Baron, Cynthia, Diane Carson, and Frank P. Tomasulo, eds. More Than a Method: Trends and Traditions in Contemporary Film Performance. Detroit, MI: Wayne State University Press, 2004.
Barton, Robert. Acting Onstage and Off. 4th ed. Belmont, CA: Wadsworth, 2005.
Benedetti, Robert. Action! Acting for Film and Television. Boston: Allyn and Bacon, 2001.
Brewster, Ben, and Lea Jacobs. Theatre to Cinema: Stage Pictorialism and the Early Feature Film. New York: Oxford University Press, 1997.
Carnicke, Sharon Marie. Stanislavsky in Focus. London: Harwood Academic, 1998.
Lovell, Alan, and Peter Krämer, eds. Screen Acting. London: Routledge, 1999.
Naremore, James. Acting in the Cinema. Berkeley: University of California Press, 1988.
Pearson, Roberta E. Eloquent Gestures: The Transformation of Performance Style in the Griffith Biograph Films. Berkeley: University of California Press, 1992.
Rosenstein, Sophie, et al. Modern Acting: A Manual. New York: Samuel French, 1936.
Tomlinson, Doug, ed. Actors on Acting for the Screen. New York: Garland, 1994.
Tucker, Patrick. Secrets of Screen Acting. 2nd ed. New York: Routledge, 2003.
Weston, Judith. The Film Director's Intuition: Script Analysis and Rehearsal Techniques. Studio City, CA: Michael Wiese, 2003.
Wexman, Virginia Wright. Creating the Couple: Love, Marriage, and Hollywood Performance. Princeton, NJ: Princeton University Press, 1993.
Wojcik, Pamela Robertson, ed. Movie Acting: The Film Reader. New York: Routledge, 2004.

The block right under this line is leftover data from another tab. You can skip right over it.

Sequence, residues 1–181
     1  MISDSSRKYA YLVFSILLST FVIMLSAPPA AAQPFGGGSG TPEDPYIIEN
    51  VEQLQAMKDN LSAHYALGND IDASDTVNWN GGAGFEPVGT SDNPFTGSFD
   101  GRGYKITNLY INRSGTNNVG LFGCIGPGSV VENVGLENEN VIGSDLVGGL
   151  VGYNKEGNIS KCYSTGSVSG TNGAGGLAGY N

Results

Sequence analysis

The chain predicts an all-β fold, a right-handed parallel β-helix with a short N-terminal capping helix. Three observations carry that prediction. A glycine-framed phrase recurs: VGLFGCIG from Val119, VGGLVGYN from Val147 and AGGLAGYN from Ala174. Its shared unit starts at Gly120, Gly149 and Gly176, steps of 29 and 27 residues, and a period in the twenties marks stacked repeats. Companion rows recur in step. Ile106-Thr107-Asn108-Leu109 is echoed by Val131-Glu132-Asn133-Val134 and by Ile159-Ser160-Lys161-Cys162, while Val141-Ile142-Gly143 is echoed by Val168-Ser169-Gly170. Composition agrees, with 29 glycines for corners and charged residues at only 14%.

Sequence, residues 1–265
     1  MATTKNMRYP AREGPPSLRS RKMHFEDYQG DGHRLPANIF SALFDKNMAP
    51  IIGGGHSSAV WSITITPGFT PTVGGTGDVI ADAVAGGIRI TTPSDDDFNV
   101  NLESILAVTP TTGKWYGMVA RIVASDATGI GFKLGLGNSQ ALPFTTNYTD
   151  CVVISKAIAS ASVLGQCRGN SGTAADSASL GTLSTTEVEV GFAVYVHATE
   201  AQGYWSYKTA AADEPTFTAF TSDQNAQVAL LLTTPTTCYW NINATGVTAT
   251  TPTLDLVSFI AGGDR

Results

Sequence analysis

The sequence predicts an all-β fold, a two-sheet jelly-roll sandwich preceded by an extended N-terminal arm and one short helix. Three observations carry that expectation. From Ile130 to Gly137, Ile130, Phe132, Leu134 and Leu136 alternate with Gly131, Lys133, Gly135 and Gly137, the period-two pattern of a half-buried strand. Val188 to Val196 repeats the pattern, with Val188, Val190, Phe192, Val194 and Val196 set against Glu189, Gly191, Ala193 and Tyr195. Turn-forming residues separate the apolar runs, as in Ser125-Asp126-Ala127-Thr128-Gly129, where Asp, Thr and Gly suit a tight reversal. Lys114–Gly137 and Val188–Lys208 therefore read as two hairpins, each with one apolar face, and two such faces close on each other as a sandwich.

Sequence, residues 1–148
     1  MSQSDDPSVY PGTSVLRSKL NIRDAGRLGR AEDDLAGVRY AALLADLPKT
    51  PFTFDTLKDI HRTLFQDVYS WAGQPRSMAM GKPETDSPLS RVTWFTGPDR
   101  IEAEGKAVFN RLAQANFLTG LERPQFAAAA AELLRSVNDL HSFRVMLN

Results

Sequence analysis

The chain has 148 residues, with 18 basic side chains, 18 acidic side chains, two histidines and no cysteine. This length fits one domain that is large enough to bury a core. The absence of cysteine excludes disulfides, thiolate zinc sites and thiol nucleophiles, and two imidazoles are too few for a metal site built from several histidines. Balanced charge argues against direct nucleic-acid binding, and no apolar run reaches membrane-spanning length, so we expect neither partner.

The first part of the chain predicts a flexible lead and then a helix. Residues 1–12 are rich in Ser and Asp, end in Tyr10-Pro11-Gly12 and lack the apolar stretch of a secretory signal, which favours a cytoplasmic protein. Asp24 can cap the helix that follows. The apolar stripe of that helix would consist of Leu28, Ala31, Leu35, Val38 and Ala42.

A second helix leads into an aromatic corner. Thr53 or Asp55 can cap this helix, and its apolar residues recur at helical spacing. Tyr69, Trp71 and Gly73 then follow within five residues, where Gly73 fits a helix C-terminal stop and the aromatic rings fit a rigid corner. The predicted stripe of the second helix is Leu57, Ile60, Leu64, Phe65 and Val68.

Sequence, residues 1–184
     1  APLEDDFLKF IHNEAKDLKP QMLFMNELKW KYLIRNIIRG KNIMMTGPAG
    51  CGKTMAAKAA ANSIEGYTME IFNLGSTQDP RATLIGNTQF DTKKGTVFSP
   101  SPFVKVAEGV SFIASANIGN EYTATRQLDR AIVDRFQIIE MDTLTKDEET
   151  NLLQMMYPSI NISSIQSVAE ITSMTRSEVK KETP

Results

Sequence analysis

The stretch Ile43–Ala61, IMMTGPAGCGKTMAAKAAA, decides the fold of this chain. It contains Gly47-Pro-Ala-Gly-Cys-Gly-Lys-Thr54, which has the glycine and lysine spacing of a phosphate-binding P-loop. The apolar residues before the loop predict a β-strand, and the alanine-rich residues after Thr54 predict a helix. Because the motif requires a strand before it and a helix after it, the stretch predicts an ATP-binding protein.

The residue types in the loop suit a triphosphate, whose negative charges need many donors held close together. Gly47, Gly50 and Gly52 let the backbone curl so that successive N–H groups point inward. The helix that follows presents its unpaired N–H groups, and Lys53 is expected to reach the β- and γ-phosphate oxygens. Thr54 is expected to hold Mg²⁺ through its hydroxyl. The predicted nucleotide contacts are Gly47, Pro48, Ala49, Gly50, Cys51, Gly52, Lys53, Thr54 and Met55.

acting, the representation of a usually fictional character on stage or in films. At its highest levels of accomplishment acting involves the employment of technique and/or an imaginative identification with the character on the part of the actor. In this way the full emotional weight of situations on stage be communicated to the audience. The actor must be a sharp observer of life and thoroughly trained in voice projection and enunciation and in body movement.
Evolution of Acting
In the ancient Greek theater, acting was stylized; indeed, the large outdoor theaters made subtlety of speech and gesture impossible. The actors, all men, wore comic and tragic masks and were costumed grotesquely, wearing padded clothes and, often, artificial phalluses. Nevertheless, there were advocates of naturalistic acting even at that time, and actors were held in high esteem. In the Roman period actors were slaves, and the level of performance was low, broad farce being the most popular dramatic form. The tragedies of Seneca were probably read in declamatory style, rather than acted on stage.
During the Christian period in Rome, acting almost disappeared, the tradition being upheld by traveling mimes, jugglers, and acrobats who entertained at fairs. In religious drama of the Middle Ages, an actor's every gesture and intonation was carefully designated for performance in church, and, as with the later pageants under the auspices of the trade guilds, the actors were amateurs.
Modern professional acting began in the 16th cent. with the Italian commedia dell'arte, whose actors improvised convincing and entertaining situations from general outlines. During the Restoration period in England, Thomas Betterton and his wife Mary were famous for their naturalness of delivery, as was Edward Kynaston. Their contemporaries, Charles Hart, Barton Booth, and James Quin, however, were well known for their lofty, heroic acting, a style that became dominant in the first third of the 18th cent. In the mid-18th cent. Charles Macklin and his pupil David Garrick introduced a more naturalistic style, and similar movements took place in France and Germany.